Fri, 30 Nov 2001

A new game in town

A new game started being played out as soon as Tommy Soeharto's year-long hide-and-seek caper came to an end on Wednesday. We don't know its name yet, but the circumstances of Tommy's arrest and its announcement by the police all suggest that this is just the beginning of yet another game.

Since we do not know the name of the game, we cannot predict its outcome. Ideally, justice should be the only game in town. Yet, somehow, we doubt that we are any closer to justice today.

Wednesday's announcement by Jakarta Police Chief Insp. Gen. Sofjan Jacoeb that Hutomo "Tommy" Mandala Putra, the businessman son of former president Soeharto, had been arrested was greeted with public skepticism. The public has every reason to be skeptical. This whole saga -- from Tommy's escape from the law last year to his arrest on Wednesday -- has been nothing but a charade. The police, whether wittingly or unwittingly, are all just cast members in the show.

We have yet to hear the full story and circumstances of the arrest and doubt that we will ever learn the truth. But even without this, the way police accorded privileges to "Mas Tommy" -- as those who seem to revere him like to address him -- have raised eyebrows about how kindly the law is treating a man who is supposed to be the most dangerous person in Indonesia. Lest we forget, Tommy is wanted not only in connection with a corruption case, but also with the murder of a senior judge and a series of bombings in Jakarta over the past year.

Yet, what the nation watched on Wednesday night through their television sets was a scene from "Return of the Prodigal Son" and not the arrest of a wanted man who has the potential to do extensive damage to the country. It was totally improper for Sofjan and other senior police officers to hug Tommy and give him a peck on the cheek, and later for the police chief to offer his own office for Tommy to receive his relatives and lawyers.

The media conference called by Sofjan to announce Tommy's arrest turned into a circus. The media became very much part of the circus, diligently recording every word that came out of Sofjan's mouth.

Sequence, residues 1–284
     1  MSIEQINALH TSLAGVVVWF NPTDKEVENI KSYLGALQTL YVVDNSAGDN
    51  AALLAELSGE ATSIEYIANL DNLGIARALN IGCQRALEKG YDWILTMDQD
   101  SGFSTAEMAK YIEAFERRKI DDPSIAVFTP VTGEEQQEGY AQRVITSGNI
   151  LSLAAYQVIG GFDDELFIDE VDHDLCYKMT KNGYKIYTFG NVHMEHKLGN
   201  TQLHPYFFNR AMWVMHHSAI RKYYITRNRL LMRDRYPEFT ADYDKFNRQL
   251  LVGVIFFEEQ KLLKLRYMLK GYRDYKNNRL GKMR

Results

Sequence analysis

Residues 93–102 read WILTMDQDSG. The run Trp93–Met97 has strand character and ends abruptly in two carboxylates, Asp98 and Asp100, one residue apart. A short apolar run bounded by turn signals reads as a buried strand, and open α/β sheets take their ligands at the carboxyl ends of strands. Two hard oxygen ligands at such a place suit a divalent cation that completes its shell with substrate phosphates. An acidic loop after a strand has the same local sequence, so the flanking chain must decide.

Besides lavishing praise on "Mas Tommy", who was seated next to him, for cooperating with the arresting officers, Sofjan turned the press conference into something of a public relations gimmick, highlighting the arrest as a major achievement for which he and his men would probably be richly rewarded. Coming on the eve of the appointment of a new National Police chief, many cynically view the arrest as something of a timely personal gift for the incoming chief, Insp. Gen. Da'i Bachtiar, which will also secure Sofjan's position.

It is worth reminding that Tommy's arrest is very late in coming. It is more a reflection of police incompetence than a major success, as Sofjan would have us believe. It was police incompetence that allowed Tommy to flee the law shortly after a court convicted him to 18 months imprisonment for corruption last year. It was police incompetence that allowed Tommy to escape on more than one occasion, even after they detected his whereabouts. And it was also police incompetence that led to the many as-yet unexplained bombings in Jakarta and other cities. And now that we learn that Tommy may have something to do with some of these bombings, the rest of the nation has suffered because of the police's incompetence.

Having said that, let's not underestimate Tommy and what he is capable of doing. The son of former president Soeharto is a man of many means. He has money and power, as well as friends and connections in high places, even if his father is no longer in power. This is a man with a huge capacity to cause damage or harm, if he wants to, or alternatively, to buy his way out of trouble.

The way he has eluded the law all this time is evidence of his power. The way the Supreme Court overturned his guilty verdict in relation to the corruption case, even after he had implied his guilt by seeking a presidential pardon, is another indication of his power. Although the court will still have to prove allegations that he ordered the July killing of M. Syafiuddin Kartasasmita, or the police allegations that he had a role in some of the recent bombings, they are nevertheless indicative of what this man is capable of.

It is not our intention to belittle the significance of Tommy's arrest. On the contrary, we feel he could provide clues to so many questions that have no answers to this day, whether it is about the way our judiciary works, how the law enforcement agencies, including the police, work, and about many unresolved major corruption cases.

Tommy's case will be a real test of the nation's commitment to reform. Handled properly, it could become the impetus to restart the national reform agenda. If the public is skeptical, that is because we have been deceived too many times before. Whatever new game is being played out following Tommy's arrest, we should postpone any celebrations until we see real justice upheld.